When Jake LaMotta steps into a boxing ring and obliterates his opponent, he's a prizefighter. But when he treats his family and friends the same way, he's a ticking time bomb, ready to go off at any moment. Though LaMotta wants his family's love, something always seems to come between them. Perhaps it's his violent bouts of paranoia and jealousy. This kind of rage helped make him a champ, but in real life, he winds up in the ring alone.
|Release Date||:||November 14, 1980|
|Production Company||:||United Artists|
|Production Countries||:||United States of America|
|Director||:||Martin Scorsese, Jerry Grandey, Allan Wertheim, Henry J. Bronchtein, Elie Cohn, Joan Van Horn|
|Writers||:||Paul Schrader, Jake LaMotta, Mardik Martin|
|Casts||:||Robert De Niro, Joe Pesci, Cathy Moriarty, Frank Vincent, Nicholas Colasanto, Theresa Saldana, Mario Gallo, John Turturro, Frank Adonis, Charles Scorsese, Rita Bennett, Bernie Allen, Gene LeBell, Victor Magnotta, Shay Duffin, Jack Lotz, Kevin Breslin, Coley Wallace, Fred Dennis, Harvey Parry, Michael Badalucco, Geraldine Smith, Mardik Martin, Peter Savage, Daniel P. Conte, Richard McMurray, Candy Moore, Wally K. Berns, Allen Joseph, Martin Scorsese, Vincent Barbi, Robert Dahdah, Vincent Di Paolo, Marty Farrell, Charles Guardino, R. Michael Givens, Chuck Hicks, Michael Charles Hill, Walt La Rue, Angelo Lamonea, Gil Perkins, Tony Lip, Dennis O'Neill, Jerry Schram, McKenzie Westmore, Jimmy Williams|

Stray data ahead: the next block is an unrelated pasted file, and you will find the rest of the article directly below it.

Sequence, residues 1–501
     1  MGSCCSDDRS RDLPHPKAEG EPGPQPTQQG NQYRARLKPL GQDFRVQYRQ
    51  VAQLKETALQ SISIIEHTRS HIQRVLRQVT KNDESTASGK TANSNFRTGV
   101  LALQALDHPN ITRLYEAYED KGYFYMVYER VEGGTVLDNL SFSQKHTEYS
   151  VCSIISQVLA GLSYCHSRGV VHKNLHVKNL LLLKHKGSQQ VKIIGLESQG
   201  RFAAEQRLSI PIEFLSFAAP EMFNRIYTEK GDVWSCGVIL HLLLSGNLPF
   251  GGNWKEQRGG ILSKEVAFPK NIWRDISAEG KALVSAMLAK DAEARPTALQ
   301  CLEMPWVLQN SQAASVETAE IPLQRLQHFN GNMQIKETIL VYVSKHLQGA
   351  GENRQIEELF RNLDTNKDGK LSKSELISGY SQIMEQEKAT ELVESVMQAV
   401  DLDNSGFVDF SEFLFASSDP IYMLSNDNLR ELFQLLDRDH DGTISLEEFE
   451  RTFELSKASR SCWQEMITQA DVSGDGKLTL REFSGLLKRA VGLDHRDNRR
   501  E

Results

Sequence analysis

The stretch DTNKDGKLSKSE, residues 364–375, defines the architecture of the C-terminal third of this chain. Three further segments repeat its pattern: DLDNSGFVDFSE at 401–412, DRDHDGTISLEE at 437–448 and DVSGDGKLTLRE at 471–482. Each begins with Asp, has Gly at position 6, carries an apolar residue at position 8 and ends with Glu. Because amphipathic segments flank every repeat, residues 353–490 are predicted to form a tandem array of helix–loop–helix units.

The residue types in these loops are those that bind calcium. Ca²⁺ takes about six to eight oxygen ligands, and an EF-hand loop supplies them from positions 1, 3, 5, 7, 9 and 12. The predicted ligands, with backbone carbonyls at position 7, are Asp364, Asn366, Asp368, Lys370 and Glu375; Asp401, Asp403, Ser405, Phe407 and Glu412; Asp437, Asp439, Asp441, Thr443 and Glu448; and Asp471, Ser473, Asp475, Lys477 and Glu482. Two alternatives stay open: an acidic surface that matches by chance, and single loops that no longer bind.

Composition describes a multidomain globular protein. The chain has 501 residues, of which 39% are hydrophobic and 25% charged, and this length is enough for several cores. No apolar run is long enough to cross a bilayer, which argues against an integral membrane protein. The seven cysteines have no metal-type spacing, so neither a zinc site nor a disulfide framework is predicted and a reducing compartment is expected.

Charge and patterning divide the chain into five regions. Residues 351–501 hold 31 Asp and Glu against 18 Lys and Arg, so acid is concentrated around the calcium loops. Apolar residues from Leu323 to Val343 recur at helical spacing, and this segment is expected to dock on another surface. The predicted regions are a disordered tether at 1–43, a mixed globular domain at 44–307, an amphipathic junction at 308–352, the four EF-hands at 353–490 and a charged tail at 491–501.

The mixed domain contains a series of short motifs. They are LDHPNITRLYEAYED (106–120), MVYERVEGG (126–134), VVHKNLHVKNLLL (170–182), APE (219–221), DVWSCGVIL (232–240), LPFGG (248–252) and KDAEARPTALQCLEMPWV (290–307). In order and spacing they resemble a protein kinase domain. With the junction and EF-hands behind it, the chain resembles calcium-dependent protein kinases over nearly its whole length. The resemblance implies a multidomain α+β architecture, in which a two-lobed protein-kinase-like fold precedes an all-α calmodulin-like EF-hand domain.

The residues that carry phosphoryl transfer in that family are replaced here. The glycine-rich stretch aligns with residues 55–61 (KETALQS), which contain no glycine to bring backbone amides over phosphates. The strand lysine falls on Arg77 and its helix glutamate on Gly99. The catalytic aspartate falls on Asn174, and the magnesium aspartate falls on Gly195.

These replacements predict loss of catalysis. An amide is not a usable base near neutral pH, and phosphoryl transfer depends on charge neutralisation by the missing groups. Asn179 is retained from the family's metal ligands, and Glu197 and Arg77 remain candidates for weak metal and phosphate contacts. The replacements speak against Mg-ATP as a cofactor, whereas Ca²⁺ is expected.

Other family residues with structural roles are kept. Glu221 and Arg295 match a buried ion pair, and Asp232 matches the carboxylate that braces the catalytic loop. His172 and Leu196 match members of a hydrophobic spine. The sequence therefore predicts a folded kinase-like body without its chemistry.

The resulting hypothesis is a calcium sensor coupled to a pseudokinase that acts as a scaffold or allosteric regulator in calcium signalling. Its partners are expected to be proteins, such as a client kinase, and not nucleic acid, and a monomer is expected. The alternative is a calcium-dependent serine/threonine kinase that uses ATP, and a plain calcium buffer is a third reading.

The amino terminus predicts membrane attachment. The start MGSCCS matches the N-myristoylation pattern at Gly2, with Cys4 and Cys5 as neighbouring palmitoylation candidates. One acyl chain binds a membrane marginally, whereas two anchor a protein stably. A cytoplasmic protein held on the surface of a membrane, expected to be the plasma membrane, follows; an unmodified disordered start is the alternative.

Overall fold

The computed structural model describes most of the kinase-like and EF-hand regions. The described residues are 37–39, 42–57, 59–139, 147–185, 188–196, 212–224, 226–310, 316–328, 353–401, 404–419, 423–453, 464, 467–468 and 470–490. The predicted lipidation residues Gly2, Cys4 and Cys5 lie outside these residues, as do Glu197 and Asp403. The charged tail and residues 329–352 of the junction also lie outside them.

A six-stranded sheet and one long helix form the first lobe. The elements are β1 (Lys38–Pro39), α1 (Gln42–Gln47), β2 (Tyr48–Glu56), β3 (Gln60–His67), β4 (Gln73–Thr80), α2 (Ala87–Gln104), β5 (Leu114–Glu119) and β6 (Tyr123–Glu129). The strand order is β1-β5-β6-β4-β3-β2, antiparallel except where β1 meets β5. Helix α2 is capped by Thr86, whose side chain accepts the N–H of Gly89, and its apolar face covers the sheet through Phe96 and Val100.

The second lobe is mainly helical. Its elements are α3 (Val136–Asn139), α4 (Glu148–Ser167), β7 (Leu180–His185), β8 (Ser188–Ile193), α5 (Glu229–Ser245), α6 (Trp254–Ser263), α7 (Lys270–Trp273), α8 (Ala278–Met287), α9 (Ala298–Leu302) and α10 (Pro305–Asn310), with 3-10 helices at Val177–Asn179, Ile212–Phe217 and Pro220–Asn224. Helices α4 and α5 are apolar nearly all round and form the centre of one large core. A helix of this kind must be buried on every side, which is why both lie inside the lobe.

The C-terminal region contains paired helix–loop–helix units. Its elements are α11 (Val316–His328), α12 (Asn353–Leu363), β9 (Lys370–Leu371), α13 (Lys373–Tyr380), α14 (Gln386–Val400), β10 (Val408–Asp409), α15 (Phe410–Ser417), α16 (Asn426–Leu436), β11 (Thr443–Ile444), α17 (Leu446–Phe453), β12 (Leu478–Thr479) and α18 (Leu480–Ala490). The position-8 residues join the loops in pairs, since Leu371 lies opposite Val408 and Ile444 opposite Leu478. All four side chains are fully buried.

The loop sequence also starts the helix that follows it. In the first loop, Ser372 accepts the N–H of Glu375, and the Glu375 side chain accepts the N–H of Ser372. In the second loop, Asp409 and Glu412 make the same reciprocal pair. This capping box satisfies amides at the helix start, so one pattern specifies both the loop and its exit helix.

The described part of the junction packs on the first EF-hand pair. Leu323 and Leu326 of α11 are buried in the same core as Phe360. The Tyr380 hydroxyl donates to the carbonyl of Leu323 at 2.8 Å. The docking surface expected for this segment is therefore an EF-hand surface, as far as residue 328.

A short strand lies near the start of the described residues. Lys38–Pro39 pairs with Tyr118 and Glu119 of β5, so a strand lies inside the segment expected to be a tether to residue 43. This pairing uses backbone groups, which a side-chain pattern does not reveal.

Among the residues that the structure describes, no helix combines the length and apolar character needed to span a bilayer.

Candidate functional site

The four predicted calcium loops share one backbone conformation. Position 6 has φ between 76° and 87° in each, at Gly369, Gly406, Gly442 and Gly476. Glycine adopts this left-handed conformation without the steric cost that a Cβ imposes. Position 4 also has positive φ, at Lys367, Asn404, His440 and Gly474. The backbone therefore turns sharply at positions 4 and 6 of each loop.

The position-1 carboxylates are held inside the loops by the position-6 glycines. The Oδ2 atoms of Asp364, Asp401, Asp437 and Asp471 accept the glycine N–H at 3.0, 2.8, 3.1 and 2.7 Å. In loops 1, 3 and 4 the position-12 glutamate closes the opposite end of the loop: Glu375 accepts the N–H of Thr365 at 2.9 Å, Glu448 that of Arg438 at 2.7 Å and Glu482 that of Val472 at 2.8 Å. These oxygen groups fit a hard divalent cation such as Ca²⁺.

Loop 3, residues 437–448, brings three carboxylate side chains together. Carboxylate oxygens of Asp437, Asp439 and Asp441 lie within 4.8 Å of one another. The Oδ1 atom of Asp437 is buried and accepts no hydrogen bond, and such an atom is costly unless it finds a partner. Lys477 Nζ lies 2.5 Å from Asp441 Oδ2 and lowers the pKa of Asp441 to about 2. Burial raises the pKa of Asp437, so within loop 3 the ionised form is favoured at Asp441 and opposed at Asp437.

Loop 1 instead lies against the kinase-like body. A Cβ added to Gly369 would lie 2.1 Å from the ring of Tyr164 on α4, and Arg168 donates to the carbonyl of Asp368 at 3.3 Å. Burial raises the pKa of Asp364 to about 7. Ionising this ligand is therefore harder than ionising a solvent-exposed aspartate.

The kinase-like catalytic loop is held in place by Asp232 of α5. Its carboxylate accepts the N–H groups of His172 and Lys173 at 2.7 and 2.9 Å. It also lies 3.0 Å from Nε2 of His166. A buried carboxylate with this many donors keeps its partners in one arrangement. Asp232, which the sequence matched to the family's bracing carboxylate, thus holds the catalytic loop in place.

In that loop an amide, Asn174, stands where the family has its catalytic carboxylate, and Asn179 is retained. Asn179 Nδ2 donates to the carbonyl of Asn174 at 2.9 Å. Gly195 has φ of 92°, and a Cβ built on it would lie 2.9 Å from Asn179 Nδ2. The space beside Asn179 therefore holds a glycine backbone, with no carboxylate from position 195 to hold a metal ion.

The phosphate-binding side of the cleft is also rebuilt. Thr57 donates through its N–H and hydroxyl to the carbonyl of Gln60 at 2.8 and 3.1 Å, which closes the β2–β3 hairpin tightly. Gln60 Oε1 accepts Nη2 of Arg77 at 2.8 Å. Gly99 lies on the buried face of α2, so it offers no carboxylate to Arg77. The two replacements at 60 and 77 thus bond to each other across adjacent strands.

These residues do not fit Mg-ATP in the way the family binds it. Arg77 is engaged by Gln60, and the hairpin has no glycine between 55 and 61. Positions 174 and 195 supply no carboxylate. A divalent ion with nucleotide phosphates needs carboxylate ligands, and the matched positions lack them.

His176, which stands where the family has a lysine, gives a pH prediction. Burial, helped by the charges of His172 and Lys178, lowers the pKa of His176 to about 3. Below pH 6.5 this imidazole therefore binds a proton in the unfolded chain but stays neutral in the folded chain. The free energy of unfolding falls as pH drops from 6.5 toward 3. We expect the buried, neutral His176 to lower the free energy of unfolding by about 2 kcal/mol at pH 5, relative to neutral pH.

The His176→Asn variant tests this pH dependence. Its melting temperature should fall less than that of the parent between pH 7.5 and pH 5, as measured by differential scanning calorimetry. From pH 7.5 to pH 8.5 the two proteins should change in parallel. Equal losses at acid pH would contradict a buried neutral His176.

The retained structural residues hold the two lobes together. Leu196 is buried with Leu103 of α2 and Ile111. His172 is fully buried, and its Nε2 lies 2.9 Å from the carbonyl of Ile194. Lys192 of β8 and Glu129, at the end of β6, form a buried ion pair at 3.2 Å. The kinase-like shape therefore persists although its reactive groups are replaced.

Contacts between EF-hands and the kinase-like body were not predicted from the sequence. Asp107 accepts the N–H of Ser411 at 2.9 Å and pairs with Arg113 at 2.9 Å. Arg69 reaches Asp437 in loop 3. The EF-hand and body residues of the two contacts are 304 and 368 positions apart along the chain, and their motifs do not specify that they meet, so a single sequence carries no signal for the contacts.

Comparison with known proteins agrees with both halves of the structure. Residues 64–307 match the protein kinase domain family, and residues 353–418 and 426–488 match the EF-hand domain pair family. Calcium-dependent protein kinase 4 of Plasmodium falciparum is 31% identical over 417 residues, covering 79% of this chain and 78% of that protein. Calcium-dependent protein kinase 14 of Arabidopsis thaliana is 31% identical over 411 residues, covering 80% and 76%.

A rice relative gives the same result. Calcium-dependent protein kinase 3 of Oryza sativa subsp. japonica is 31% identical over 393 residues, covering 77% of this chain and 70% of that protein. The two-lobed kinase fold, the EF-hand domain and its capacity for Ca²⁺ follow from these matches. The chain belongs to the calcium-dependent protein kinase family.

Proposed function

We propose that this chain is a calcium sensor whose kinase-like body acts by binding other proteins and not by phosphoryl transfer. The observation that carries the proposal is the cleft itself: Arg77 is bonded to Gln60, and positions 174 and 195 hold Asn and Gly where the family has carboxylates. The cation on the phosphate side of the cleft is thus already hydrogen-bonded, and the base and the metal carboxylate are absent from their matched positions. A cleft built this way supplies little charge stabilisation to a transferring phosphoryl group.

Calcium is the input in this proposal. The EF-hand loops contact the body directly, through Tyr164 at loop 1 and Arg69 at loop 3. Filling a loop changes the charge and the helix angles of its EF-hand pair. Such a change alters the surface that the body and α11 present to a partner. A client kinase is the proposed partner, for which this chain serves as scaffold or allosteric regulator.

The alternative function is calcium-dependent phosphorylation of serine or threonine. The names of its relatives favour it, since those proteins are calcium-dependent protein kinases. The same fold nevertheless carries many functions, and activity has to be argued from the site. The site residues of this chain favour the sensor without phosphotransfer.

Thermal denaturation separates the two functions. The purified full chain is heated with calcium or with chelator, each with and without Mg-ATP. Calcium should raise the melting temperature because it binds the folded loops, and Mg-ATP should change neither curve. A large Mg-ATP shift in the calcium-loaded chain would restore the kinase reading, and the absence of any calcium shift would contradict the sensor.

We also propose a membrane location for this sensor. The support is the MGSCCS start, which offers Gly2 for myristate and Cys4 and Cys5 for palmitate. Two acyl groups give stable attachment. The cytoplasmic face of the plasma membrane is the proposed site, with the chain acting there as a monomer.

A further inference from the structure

|Plot Keywords||:||transporter, jealousy, violent husband, paranoia, violence in family, boxer, burst of violence, biography, fistfight, broken nose, sport, over-the-hill fighter|
Jake La Motta's story is no doubt the best movie about boxing of all times together with Robert Wise's The Set-Up. Besides the legendary performance of Robert De Niro, there are many things in this film that will remain in my heart forever: the splendid black & white, the contrast between the slow moving scenes and the frenetic ones, the choice of the music and the sense of loss which entangles the whole movie. De Niro faces another "born loser" role (after Travis Bickle, John Rubin, Johnny Boy) and strikes again; Martin Scorsese is the most poetic director of the last 30 years.